By Alex McPherson

Director Andreas Koefoed’s new film, “The Lost Leonardo,” thrills, chills, and raises salient points about the essence of art itself.

This documentary chronicles the tumultuous happenings surrounding an infamous portrait of Jesus titled the “Salvator Mundi,” which some people believe was painted by Leonardo Da Vinci. An idiosyncratic art buyer named Alexander Parish purchases the painting at a sketchy New Orleans auction in 2005 and shows it to a prominent historian and restorer named Dianne Modestini.

She ends up restoring a large portion of the piece, but determines — based on a barely perceptible stylistic choice — that it’s a work by Da Vinci or, at the very least, a student of his. Thus begins a globe-trotting mess of a story, where disagreements about authenticity abound, reputations are tarnished, and influential figures use the Salvator Mundi to further their dogged pursuit of money and power.

As the tale unfolds, “The Lost Leonardo” crawls under your skin, becoming ever-troubling as we get an inside glimpse into the shadier corners of the art world. Presented in a clear, carefully researched fashion that’s cut together like a bleak investigative thriller, Koefoed successfully renders initially dry subject matter into something altogether fascinating. He lets the material’s head-spinning happenings fuel the pacing, yet allows key players to retain their human complexities.

Featuring interviews with historians, critics, dealers, curators, reporters, and CIA agents, “The Lost Leonardo” does a praiseworthy job at presenting varying perspectives in easily digestible fashion. As outsiders, we can never be fully sure of some of the interviewees’ intentions — do they honestly believe that they’ve stumbled upon a hidden masterpiece, or are they just continuing a narrative to satisfy themselves and their bank accounts? Doubt and suspicion permeate the film, leading to several provocative moments when their words are juxtaposed against each other. Koefoed, however, doesn’t fully take one side or the other amid the chaos.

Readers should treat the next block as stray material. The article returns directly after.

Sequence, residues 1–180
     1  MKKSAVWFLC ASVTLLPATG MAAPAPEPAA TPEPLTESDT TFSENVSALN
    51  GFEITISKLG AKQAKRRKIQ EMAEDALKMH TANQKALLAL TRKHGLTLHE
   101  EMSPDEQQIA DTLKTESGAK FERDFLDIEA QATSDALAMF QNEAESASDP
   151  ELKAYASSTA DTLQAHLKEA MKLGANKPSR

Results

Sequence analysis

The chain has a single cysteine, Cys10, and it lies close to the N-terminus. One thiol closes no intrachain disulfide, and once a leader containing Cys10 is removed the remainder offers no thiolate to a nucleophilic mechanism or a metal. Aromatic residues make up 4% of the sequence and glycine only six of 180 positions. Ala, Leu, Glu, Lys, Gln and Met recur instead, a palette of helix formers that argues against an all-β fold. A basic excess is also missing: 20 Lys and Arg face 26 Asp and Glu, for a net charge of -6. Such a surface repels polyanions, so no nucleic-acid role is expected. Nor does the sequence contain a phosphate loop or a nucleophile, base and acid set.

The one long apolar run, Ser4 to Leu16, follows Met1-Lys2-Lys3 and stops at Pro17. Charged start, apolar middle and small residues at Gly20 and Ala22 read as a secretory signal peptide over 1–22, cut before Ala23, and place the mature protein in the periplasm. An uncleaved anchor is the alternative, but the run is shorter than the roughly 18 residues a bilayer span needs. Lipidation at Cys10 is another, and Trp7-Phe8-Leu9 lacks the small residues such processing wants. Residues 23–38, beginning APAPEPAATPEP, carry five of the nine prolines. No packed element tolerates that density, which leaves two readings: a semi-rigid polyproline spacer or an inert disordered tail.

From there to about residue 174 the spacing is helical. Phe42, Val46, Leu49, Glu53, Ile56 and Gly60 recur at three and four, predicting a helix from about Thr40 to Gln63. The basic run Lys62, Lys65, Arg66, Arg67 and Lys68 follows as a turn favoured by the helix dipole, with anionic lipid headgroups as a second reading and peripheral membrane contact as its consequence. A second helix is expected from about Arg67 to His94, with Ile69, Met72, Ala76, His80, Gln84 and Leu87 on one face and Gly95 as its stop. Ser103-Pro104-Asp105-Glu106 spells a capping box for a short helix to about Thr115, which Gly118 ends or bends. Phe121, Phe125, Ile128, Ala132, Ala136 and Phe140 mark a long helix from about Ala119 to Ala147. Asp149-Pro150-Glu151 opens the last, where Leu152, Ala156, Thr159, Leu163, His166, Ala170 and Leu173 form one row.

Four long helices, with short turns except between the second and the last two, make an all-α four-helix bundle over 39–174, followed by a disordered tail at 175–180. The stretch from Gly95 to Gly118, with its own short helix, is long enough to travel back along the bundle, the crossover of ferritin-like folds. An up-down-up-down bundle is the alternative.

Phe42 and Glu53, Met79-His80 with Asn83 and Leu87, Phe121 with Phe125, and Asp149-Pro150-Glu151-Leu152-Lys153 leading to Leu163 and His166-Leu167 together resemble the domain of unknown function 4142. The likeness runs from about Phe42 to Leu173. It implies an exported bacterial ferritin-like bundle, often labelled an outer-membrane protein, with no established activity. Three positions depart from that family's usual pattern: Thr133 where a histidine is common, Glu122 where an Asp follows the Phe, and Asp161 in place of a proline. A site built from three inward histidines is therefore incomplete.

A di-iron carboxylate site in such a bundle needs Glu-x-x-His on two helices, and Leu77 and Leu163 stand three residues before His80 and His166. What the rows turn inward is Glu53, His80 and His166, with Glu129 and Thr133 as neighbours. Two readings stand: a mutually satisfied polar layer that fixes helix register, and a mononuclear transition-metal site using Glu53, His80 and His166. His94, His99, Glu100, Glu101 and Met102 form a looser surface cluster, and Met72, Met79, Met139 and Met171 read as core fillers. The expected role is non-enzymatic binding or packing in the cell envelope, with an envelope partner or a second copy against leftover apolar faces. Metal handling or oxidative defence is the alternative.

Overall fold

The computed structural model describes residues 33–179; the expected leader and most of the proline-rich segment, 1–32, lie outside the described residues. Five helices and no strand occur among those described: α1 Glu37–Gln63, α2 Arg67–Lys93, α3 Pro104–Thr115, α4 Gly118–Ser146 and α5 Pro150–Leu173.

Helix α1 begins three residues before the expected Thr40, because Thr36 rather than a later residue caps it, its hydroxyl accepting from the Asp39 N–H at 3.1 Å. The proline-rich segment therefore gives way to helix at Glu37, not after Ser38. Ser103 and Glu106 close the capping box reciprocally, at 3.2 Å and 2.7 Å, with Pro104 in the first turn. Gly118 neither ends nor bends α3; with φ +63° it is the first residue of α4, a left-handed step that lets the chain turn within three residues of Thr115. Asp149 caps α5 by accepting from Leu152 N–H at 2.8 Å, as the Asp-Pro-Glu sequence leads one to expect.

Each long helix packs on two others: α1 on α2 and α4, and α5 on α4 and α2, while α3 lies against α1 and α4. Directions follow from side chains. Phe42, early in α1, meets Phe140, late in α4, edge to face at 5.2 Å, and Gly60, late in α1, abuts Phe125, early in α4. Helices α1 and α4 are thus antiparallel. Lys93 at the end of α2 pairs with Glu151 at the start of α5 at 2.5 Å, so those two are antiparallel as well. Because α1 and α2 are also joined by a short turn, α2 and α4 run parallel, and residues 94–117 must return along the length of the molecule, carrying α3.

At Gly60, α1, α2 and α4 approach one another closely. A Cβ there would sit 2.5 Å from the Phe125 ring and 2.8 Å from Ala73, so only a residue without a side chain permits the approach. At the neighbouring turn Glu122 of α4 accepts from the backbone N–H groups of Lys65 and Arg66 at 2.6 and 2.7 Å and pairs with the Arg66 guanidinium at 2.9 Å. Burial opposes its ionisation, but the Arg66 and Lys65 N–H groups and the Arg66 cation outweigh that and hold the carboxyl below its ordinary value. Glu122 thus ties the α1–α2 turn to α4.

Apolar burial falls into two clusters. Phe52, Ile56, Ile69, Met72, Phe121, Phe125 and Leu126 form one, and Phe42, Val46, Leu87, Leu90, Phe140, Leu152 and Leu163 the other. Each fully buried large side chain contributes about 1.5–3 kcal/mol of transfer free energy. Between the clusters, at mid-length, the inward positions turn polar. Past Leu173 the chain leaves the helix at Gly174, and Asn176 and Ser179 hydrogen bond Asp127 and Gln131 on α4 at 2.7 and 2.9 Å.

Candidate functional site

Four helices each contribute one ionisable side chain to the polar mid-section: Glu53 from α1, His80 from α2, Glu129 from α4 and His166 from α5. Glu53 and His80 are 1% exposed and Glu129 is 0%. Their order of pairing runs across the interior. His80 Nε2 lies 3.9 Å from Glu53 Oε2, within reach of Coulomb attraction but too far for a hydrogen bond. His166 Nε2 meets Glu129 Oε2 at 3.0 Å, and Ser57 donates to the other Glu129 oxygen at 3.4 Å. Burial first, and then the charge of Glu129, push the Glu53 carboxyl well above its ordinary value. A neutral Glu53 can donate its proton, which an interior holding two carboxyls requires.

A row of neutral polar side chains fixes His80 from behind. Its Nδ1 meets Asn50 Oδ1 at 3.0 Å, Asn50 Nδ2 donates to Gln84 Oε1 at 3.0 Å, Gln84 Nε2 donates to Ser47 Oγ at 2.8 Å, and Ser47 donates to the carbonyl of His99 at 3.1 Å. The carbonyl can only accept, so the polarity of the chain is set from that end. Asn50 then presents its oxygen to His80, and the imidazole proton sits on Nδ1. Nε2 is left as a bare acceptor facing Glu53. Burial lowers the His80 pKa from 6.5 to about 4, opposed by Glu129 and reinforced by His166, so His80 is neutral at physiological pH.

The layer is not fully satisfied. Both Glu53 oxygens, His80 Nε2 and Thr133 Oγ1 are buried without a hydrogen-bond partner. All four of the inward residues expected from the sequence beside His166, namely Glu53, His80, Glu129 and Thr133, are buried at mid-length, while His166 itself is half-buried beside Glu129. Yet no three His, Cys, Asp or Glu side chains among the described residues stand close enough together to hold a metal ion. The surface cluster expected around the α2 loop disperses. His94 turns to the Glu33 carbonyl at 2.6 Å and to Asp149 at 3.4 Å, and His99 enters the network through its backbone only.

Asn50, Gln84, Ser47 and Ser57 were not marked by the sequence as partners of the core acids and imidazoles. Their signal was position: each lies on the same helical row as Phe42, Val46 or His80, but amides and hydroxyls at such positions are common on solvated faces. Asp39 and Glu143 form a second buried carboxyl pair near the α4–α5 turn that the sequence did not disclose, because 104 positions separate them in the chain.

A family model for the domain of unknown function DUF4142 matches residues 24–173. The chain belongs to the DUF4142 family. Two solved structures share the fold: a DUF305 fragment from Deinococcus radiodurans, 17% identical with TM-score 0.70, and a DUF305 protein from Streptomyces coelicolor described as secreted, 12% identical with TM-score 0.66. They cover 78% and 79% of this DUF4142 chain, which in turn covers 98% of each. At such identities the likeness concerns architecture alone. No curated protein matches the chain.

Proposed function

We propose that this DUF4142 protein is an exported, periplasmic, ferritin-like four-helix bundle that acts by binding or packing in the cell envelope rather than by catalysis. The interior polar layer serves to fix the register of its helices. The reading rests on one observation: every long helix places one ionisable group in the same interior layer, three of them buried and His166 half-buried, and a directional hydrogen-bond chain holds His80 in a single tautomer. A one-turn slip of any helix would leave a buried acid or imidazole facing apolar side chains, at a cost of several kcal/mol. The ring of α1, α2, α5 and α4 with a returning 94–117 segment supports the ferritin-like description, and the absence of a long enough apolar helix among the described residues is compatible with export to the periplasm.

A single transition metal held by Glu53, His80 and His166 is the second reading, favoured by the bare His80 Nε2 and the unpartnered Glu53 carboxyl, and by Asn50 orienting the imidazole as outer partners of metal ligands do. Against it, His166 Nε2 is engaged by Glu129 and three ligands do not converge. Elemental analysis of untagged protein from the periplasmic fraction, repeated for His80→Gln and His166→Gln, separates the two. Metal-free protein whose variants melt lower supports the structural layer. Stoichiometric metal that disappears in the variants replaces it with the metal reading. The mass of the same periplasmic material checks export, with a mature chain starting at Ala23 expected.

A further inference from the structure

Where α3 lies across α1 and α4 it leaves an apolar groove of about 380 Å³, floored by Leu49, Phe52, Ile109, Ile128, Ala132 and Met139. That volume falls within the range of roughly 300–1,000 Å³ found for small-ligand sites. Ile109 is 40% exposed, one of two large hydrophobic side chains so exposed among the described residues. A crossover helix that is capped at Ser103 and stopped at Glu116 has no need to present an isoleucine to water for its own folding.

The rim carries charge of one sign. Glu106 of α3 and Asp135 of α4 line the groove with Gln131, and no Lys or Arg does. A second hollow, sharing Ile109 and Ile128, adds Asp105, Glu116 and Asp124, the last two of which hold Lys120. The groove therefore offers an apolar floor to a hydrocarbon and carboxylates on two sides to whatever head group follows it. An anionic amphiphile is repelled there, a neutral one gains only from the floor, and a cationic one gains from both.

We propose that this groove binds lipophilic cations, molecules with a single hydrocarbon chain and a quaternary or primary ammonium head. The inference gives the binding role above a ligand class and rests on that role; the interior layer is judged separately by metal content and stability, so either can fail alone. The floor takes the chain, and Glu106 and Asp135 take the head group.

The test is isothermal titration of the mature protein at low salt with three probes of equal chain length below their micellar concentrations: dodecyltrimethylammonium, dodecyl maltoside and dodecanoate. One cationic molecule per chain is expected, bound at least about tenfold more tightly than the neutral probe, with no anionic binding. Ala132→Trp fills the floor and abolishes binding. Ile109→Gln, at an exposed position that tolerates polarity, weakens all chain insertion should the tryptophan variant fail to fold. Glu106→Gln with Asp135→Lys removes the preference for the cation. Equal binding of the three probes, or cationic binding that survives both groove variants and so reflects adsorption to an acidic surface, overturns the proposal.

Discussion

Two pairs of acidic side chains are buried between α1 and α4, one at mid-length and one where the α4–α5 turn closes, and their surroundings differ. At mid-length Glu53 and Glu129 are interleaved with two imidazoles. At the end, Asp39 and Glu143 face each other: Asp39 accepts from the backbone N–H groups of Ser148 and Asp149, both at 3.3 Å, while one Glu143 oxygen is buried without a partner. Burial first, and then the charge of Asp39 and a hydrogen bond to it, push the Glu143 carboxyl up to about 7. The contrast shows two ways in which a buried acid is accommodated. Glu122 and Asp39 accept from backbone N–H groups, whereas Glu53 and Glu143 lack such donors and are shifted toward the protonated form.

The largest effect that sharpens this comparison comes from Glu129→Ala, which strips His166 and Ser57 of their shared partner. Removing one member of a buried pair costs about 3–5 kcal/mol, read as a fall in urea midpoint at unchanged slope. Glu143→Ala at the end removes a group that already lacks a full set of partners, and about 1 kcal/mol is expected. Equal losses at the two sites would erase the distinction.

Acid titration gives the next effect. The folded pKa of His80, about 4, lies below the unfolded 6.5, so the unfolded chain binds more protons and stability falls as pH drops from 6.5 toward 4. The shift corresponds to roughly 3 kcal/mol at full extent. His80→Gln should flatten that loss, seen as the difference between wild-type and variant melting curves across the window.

The cast of characters aren’t all the most transfixing of personalities, but there’s still enough to ensure plenty of surprises through to the disquieting conclusion. Memorable presences include Modestini, passionate about preserving art and displaying it for the public to see, and critic Jerry Saltz, who cuts through the increasingly convoluted plot to provide bursts of incisive, irreverent commentary that underline the ridiculousness of the situation. 

When you strip away the faux decorum and pretenses of professionalism, after all, the whole shebang reveals itself to be centered around ego and perceptions of superiority. As the painting is repeatedly bought and sold by various parties, what constitutes the actual “truth” of its origins gets distorted. Power-hungry forces get their hands on the Salvator Mundi and bestow it worth that draws international attention. 

“The Lost Leonardo” weaves a cautionary tale of how true appreciation of art can become morphed by greed, casting aside its inherent craftsmanship in favor of purely monetary value. What begins rather modestly evolves into an ambitious, wholly relevant story that paints a picture of the lengths some will go to maintain falsehoods for personal gain. Indeed, “The Lost Leonardo” urges viewers to look more critically at artwork of all kinds and to recognize the potentially corrupt machinations behind closed doors — supporting those who maintain their integrity and bravery in the face of tangible risks. 

Although the mystery loses some steam in its middle section involving discussion of the “free port” system and a legal battle with a Russian oligarch, “The Lost Leonardo” builds a haunting crescendo by the end credits. Koefoed’s film eschews simplicity in showcasing a real-life adventure that features patterns of behavior prevalent throughout human history. It remains one of the most enlightening films of 2021 so far, and a doc that both art connoisseurs and novices alike should give a look.

“The Lost Leonardo” is a 2021 documentary that premiered at the Tribeca Film Festival in June. Directed by Andreas Koefoed, the movie runs 1 hour and 36 minutes. It is rated PG-13 for nude art images. Alex’s Grade: A-

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